Wildbuzz: Banker who loves snails
Enabled by a hi-tech macro lens, Khurana is currently engaged with snails of Chandigarh’s Garden of Springs and Butterfly Park.punjab Updated: Sep 02, 2018 09:44 IST
September 6 born Rajesh Khurana is obsessively curious and likes to dive deep into matters that pique his intellect. He attributes that thirst to the particular configuration of the stars he was born under! As a kid, he would be intrigued by anyone digging a ditch! But he would toy with snails and squash them too, as is the wont of humans of his age, plucking wings off flies and squealing in delight.
As Khurana matured, a great sensitivity for biodiversity blossomed in the innermost recesses of his soul. He also turned a banker and currently is special assistant at the Sector-17 branch of Punjab National Bank, handling Haryana’s pension accounts.
“If you truly love nature, you will find beauty everywhere,” is the aphorism that impels Khurana’s thoughts, deeds and wandering soul. It makes him stop his car to photograph an unusual frog.
Enabled by a hi-tech macro lens, Khurana is currently engaged with snails of Chandigarh’s Garden of Springs and Butterfly Park. These are creatures that most of us know no better than the oft-used idiom of the rat race era — loaded as it is with sneering, negative connotations — at a snail’s pace!
Khurana has filmed videos showing the “what and how” of snail eating, and the passage down the food pipe of a morsel of rotten vegetation. A video shot in the Butterfly Park has snails indulging in quaint courtship dances and spurting love injections.
“Our awareness of these little creatures must expand beyond visual sighting. My endeavour is to showcase something new and promote an empathy for the disregarded novelties of Mother Earth,” Khurana told this writer. Indeed, we learn that the snail’s pace is complex and highly evolved. Our many thanks to Khurana.
The Caspian in Chamba
Himachal Pradesh is a confluence of western and eastern influences on its reptile diversity, epitomised by the rare Central Asian or Caspian cobra (Naja oxiana) discovered recently in the snowy reaches of Chamba district.
This species is found in Jammu and Kashmir as well while its geographical distribution includes Afghanistan, North-east Iran, Pakistan, Kyrgyzstan, Turkmenistan, South West Tajikistan and Uzbekistan.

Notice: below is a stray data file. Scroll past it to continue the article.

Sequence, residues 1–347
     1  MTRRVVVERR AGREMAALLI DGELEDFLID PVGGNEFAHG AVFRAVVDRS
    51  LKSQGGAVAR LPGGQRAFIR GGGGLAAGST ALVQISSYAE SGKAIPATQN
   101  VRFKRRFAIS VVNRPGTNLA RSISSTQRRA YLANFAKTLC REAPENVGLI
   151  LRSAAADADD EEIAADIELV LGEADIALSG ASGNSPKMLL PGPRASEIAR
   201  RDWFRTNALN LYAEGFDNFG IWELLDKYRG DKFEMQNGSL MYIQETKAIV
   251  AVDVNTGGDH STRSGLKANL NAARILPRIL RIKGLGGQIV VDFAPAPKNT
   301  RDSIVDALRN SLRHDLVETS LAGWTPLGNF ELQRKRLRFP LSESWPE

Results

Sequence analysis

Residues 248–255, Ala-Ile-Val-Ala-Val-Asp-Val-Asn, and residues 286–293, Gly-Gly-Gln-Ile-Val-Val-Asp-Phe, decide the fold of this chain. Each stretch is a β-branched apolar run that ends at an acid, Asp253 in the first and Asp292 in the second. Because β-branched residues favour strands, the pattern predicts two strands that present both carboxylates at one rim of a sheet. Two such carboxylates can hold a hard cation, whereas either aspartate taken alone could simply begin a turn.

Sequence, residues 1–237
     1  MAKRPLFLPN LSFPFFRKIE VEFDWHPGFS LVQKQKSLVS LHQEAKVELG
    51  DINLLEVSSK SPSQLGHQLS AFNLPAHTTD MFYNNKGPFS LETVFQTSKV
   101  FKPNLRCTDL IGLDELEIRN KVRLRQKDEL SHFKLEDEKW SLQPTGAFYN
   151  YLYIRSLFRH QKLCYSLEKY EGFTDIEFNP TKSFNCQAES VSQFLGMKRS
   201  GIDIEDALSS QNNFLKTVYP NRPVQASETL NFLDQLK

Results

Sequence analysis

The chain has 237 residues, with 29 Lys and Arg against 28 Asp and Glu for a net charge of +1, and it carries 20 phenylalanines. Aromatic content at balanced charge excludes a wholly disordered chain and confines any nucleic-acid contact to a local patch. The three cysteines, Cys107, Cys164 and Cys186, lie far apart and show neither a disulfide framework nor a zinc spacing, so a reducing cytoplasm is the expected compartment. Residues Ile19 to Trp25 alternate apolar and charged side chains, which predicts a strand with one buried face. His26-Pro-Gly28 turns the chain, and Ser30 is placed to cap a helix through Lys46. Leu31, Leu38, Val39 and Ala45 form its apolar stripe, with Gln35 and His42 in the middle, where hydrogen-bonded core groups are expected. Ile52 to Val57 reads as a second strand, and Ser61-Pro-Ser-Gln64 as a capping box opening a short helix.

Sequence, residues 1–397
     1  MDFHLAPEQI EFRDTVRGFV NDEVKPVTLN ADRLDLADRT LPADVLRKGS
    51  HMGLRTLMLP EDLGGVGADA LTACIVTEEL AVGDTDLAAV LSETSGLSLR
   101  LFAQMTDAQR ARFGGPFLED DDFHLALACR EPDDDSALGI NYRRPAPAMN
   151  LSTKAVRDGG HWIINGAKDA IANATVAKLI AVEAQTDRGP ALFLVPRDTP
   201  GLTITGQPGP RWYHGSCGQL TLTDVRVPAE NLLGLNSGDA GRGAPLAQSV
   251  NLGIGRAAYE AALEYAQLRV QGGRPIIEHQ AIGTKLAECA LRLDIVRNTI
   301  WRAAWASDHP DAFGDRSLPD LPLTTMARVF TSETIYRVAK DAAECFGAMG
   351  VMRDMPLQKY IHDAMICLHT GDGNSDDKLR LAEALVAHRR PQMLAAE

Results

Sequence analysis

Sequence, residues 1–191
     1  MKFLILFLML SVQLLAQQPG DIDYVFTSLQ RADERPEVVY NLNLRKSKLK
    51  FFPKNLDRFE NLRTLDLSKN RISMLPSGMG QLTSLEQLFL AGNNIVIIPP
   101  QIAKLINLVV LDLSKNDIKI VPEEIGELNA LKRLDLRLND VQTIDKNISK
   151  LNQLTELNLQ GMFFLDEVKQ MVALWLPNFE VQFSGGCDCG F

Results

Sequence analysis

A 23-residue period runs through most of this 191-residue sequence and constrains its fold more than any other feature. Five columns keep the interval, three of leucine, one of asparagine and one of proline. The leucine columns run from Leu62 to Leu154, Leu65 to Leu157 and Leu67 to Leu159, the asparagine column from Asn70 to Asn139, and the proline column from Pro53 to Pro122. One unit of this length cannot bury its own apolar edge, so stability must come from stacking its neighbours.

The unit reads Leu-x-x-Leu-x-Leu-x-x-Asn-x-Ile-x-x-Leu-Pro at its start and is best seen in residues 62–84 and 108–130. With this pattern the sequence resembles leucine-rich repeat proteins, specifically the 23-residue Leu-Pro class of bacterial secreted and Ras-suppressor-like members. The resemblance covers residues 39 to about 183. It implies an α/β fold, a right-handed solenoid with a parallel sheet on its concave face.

Herpetologists, Anita Malhotra, Vishal Santra and Melvin Selvan, found specimens of this species in Chamba after putting in gritty hard work and cheerfully braving field risks. “In India, this species which inhabits semi-arid, high-altitude areas with scattered scrub ranging from 1,700-2,300m, is stout in build and spreads a smaller, pattern-less hood (lacking the spectacle mark) when alarmed or defensive. It rarely hisses or strikes but is very watchful and capable of sudden, fast strikes. Juveniles and sub-adults are beautifully (double) banded. The areas where they have been encountered in HP get 4-5ft of snow,” said Santra, who is a member of the IUCN Viper Specialist Group.
Probable prey for this rare cobra in Chamba were Kashmir rock agama (lizard), two rat species, three frog species and toads, and snakes such as Western Himalayan pit viper, Himalayan Trinket, etc.
One young female cobra encountered by the team was examined for a lump in the stomach and was considered to have eaten a large agama. The venom is quite toxic, like that of the common Spectacled cobra (Naja naja), and a few undocumented bites have been inflicted by this rare species.
“A middle-aged man was bitten by a large cobra. He was administered anti-venom but, despite the dosage, he lapsed into respiratory paralysis requiring a ventilator for 48 hours,” revealed Santra.
(The writer can be contacted at firstname.lastname@example.org)
First Published: Sep 02, 2018 09:44 IST